Standard MRI sequences of the brain were performed including sagittal T2-weighted series, transverse T2-weighted, FLAIR, T1-weighted and T2*-GRE series and T1-weight series in transverse, dorsal and sagittal planes following intravenous contrast administration of gadolinium.
The MRI demonstrated a large sellar/suprasellar mass which was hyperintense to adjacent white matter of the brain in T2-W images (Figure 1), isointense in T1-W images and strongly contrast enhancing. The mass was causing marked dorsal and lateral displacement of the overlying hypothalamus and thalamus.
Differential diagnoses for a suprasellar mass include a pituitary tumor, meningioma, craniopharyngioma, germ cell tumor, and hypothalamic glial tumor. Pituitary tumors are by far the most common suprasellar neoplasia and include both adenomas and adenocarcinomas. These originate from the pars intermedius or pars distalis of the pituitary. In general pituitary masses greater than 1 cm in diameter are considered pituitary macroadenomas/adenocarcinomas. Pituitary tumors may be functional or nonfunctional .
The most common clinical signs associated with pituitary macrotumors include those signs indicative of Cushing’s disease. When neurologic signs develop they are consistent with intra-cranial disease with lethargy, anorexia, stupor and tetraparesis most common. Ataxia circling and behavioral changes are also frequently noted (Sarfaty 1988). Blindness is uncommon in contrast to what is seen in people and seizures are actually also uncommon. Disorders of water metabolism and thermoregulation may occur secondary to invasion of the hypothalamus.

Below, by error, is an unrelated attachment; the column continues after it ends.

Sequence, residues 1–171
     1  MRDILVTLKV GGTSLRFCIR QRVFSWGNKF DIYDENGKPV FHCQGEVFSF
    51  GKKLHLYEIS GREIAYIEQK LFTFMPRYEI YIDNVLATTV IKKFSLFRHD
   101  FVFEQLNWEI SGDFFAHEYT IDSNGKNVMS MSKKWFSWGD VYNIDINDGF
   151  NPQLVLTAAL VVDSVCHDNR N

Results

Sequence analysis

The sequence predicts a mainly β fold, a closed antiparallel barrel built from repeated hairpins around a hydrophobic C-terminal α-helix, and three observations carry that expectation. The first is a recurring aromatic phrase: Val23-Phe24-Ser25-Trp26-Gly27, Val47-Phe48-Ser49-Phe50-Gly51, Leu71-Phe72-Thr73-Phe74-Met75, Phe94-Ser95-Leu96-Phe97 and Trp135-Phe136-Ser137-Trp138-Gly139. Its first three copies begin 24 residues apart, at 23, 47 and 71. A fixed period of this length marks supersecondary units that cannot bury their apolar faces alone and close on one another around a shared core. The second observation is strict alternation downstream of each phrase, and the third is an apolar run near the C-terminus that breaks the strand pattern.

Treatment options for pituitary macrotumors include medical treatment for pituitary dependent hyperadrenocorticism (Cushing’s disease) if present with either Mitotane or Trilostane. Neither has been shown to be superior to the other. An anticonvulsant such as phenobarbital to control seizures may be necessary and prednisone can help control peri-tumoral edema and inflammation.
Surgical treatment via a transphenoidal hypophysectomy has been described and is technically difficult but can lead to successful clinical outcome with 2 year survival rates reaching 80% (Meij 1988). Possible complications include tumor recurrence because of incomplete removal, mild post-operative hyponatremia or permanent diabetes insipidus post-operatively. There is also certainly an upper limit as to size of tumor which can be removed and hypophysectomy has most often been performed in dogs with microadenomas rather than macroadenomas.
Radiation therapy is becoming more common in veterinary medicine as availability at Universities and referral practices increases. Median survival time for dogs with pituitary tumors treated with radiation therapy can reach 22-43 month in patients with no neurologic signs at time of presentation. In patients presenting with neurologic signs median survival is lower but can still reach 11.7-22 months (Bley 2005, Dow 1990, Theon 1998), demonstrating the benefit of early intervention in cases of pituitary dependent hyperadrenocorticism. Advanced diagnostic imaging such as CT or MRI in cases of pituitary dependent hyperadrenocorticism can identify those patients with macrotumors who would benefit most from radiation therapy. The diagnostic imaging studies also then are used for radiation therapy treatment planning with fusion of CT and MRI images allowing for precise localization for the delivery of radiation (Figure 2). The recent availability of Cyberknife (stereotatic radiation therapy) also provides exciting and promising new treatment options with many advances over tradition radiation therapy including a much shorter treatment course and improved sparing of normal tissue adjacent to a tumor.
Stallion received a full coarse of traditional radiation therapy (51 Gy) divided over 17 treatments. Repeat MRI 10 months later when neurologic signs recurred showed a marked reduction in tumor size however significant peri-tumoral edema had developed (Figure 3). A second course of radiation therapy was elected utilizing Cyberknife and consisted of a single dose of 15 Gy.